"I had been working on an opera (`Dreamkeepers,' a commissioned work for Utah Opera), and wanted to write something funny and fun for the Utah Centennial. I didn't know Audrey Terry well, except for her previous work with `Eden Creek' and `A Child's Christmas in Wales,' so I approached Fran Pruyn (of TheaterWorks West, who is directing the show) about the project."

Ross had listened to the soundtrack music from "The Magnificent Seven"and has also watched videos of everything from the John Wayne version of "Stagecoach" to the spectacular "How the West Was Won" in order to capture the feel of life and times on the Western frontier.

Ross' friends are all very much aware that, despite her answering machine and word processor, she usually eschews such modern conveniences as television sets and VCRs.

"I had to borrow a friend's TV set and VCR and rented old Western movies. Mostly I went back to my own childhood - a time of `The Lone Ranger' and `Gunsmoke' - for ideas," she said.

"Audrey's music is just fantastic. It's very hummable. This is a traditional, old-fashioned musical. The action stops and you throw in a hummable tune," Ross added.

Both Ross and Terry appreciate Stephen Sondheim's approach to musicals, but Terry's songs cover a broad range of diverse, ethnic styles. Most of the cast will have at least one solo, duet or trio.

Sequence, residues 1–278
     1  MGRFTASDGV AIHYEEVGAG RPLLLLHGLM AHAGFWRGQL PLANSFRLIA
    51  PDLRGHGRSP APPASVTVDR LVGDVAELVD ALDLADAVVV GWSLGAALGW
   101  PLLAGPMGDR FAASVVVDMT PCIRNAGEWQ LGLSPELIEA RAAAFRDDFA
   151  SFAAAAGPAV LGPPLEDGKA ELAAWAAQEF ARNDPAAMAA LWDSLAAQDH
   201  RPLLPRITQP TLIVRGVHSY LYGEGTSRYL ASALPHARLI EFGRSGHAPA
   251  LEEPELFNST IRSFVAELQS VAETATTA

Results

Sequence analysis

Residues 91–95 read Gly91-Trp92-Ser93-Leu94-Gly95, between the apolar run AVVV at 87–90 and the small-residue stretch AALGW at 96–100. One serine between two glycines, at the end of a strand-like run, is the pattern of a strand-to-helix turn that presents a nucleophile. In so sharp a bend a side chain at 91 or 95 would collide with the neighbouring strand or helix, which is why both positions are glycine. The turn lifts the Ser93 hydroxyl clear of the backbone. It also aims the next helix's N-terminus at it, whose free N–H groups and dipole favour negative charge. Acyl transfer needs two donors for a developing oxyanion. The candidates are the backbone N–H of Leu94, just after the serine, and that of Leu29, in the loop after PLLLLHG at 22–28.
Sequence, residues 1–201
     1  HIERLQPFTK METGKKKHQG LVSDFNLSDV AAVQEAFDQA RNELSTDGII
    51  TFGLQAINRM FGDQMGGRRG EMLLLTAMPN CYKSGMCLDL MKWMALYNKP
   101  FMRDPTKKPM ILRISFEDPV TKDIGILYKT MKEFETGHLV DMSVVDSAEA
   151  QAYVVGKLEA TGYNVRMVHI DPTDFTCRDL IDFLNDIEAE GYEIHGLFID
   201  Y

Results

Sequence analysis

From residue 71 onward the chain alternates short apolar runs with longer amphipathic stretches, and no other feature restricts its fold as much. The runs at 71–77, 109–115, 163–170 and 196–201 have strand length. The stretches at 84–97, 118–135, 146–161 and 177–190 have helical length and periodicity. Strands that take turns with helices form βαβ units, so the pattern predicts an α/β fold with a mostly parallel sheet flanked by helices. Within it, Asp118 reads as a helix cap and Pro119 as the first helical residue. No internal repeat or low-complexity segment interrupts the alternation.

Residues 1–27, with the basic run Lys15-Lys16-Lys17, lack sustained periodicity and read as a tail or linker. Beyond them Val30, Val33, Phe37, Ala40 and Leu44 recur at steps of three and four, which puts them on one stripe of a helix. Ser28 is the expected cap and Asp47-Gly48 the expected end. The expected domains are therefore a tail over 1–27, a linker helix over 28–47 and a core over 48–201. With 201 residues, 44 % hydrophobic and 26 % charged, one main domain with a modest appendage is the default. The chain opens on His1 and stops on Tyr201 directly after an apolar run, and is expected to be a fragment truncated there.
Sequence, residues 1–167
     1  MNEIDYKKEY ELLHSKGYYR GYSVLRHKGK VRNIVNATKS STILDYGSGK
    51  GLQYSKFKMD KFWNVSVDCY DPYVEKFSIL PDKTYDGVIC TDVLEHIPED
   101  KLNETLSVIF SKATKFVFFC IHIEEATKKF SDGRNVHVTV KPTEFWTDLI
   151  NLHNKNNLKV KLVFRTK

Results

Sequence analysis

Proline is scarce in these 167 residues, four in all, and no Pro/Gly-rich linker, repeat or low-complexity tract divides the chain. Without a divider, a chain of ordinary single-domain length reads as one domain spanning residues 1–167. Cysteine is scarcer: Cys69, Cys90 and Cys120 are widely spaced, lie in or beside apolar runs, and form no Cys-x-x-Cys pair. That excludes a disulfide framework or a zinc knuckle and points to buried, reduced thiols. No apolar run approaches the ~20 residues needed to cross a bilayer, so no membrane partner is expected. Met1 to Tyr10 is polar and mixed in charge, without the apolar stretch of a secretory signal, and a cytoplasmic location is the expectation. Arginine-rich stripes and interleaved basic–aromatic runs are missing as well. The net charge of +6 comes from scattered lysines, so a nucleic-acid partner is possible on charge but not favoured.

The first song in act one, "Our Country," draws on Copland's "Fanfare" for a motif in which the stanzas modulate for each character. It's sung by Matty, Kit and Spike (Marcia Dangerfield, Jim Pitts and Annie Draper).

Ace Reno (Karen Nielsen) will attempt to seduce the demure Mr. Pleasance (Rett Neale) in "Gamble With Me," while Tonta (Toni Byrd) pokes fun at ethnic stereotypes in "My Name is Tonta," a derivative blend of Latin, Oriental and American Indian rhythms and harmonies.

Kit will turn up the heat with a "Come to the Cabaret"-ish song titled "The Last Chance Club." The score also includes an old country waltz, a wistful pop piano ballad and even a rap song, "Dress for the Part," in which Butch (Molly Cameron), Kit, Spike, Tonta and Reno address the whys and wherefores of "power dressing."

In the community of Forever, Utah, the women's bonnets - even harshly squared off - are the symbolic "power hat."

Ross and Terry said the show's costume designer, Steve Rasmussen, has been having quite a time coming up with Western attire that fits the role-reversal concept.

Again, Ross made it clear that "Showdown!" is not about cross-dressing. The women do wear dresses and the men wear pants . . . except the women's clothes take on a decidedly masculine tone and the men's outfits, even the pants, are slinky and stylish (while remaining functional enough to allow the men to tend the babies and do the cooking and mending).

"Showdown!" will have matronizing attitudes instead of patronizing ones, and the males, frustrated with their menial lot in life, have become activists in the National Organization of Men. The reversal approach can be found in more than just the roles and the dialogue. The rival town of Yesterday is considered Forever's "brother city" - rather than sister city.

"I hope it stays consistently funny," said Ross, adding that Audrey Terry's music is ebullient . . . or should that be e-cow-lient?